Calif. Supreme Court Overrules Concepcion

On appeal, the California Supreme Court disagreed with Iskanian’s contention that Gentry survives Concepcion. In the Gentry decision, the court noted that if individual arbitration or litigation could not be designed to approximate the advantages of a class-action proceeding, then a class waiver is invalid.

“But Concepcion held that because class proceeding interfere with fundamental attributes of arbitration, a class waiver is not invalid even if an individual proceeding would be an ineffective means to prosecute certain claims,” the court stated.

Moreover, “Concepcion held that the FAA does prevent states from mandating or promoting procedures incompatible with arbitration. The Gentry rule runs afoul of this latter principle. We thus conclude in light of Concepcion that the FAA pre-empts the Gentry rule.”

NLRA Argument Rejected

The California Supreme Court also rejected the argument that the class-action waiver is invalid under the National Labor Relations Act (NLRA). The National Labor Relations Board (NLRB) ruled that the NLRA prohibits contracts that compel employees to waive their right to participate in class proceedings to resolve wage and hour claims (D.R. Horton Inc. & Cuda, 357 NLRB No. 184 (2012)). But the U.S. 5th Circuit Court of Appeals has refused to enforce that portion of the NLRB’s opinion (D.R. Horton Inc. v. NLRB, 737 F.3d 344 (2013)), as did the state Supreme Court.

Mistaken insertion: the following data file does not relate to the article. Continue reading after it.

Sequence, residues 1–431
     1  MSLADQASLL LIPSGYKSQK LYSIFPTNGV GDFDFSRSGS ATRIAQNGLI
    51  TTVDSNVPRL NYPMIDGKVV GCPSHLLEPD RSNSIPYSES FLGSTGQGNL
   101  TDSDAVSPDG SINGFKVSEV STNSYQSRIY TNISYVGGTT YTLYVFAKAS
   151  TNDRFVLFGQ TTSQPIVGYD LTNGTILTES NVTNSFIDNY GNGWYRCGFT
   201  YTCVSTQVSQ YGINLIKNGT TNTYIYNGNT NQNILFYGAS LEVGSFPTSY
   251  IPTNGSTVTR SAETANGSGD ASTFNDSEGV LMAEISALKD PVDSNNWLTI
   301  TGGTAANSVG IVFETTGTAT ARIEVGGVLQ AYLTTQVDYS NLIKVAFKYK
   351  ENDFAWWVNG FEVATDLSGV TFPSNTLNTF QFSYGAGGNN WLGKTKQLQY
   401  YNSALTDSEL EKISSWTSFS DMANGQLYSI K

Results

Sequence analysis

In light of the FAA’s “liberal federal policy favoring arbitration,” the NLRA does not represent “a contrary congressional command overriding the FAA’s mandate,” the California Supreme Court decided. “This conclusion is consistent with the judgment of all the federal circuit courts and most of the federal district courts that have considered the issue.”

In addition, the court noted that the arbitration agreement in this case still allowed “a broad range of collective activity to vindicate wage claims,” including:

  •         Employees filing joint claims in arbitration.
  •         The arbitrator consolidating claims of multiple employees.
  •         The arbitrator awarding relief to a group of employees.
  •         Employees discussing their claims with one another, pooling their resources to hire a lawyer, seeking advice and litigation support from a union, soliciting support from other employees, and filing similar or coordinated individual claims.

No Waiver of PAGA Claims

The California legislature enacted PAGA in 2003 to enable aggrieved employees, acting as private attorneys general, to recover civil penalties for Labor Code violations. Under PAGA, 75 percent of civil penalty awards go to California’s Labor and Workforce Development Agency, while 25 percent goes to the plaintiffs. Part of the rationale for enacting PAGA was a lack of adequate government resources for effective enforcement of the state’s Labor Code.

“Anyone may waive the advantage of a law intended solely for his benefit. But a law established for a public reason cannot be contravened by a private agreement,” the court stated. “PAGA was clearly established for a public reason, and agreements requiring the waiver of PAGA rights would harm the state’s interests in enforcing the Labor Code and in receiving the proceeds of civil penalties used to deter violations.”

Therefore, the court concluded that an employment agreement compelling a waiver of representative claims under PAGA is contrary to public policy and unenforceable as a matter of state law.

Allen Smith, J.D., is the manager of workplace law content for SHRM. Follow him @SHRMlegaleditor.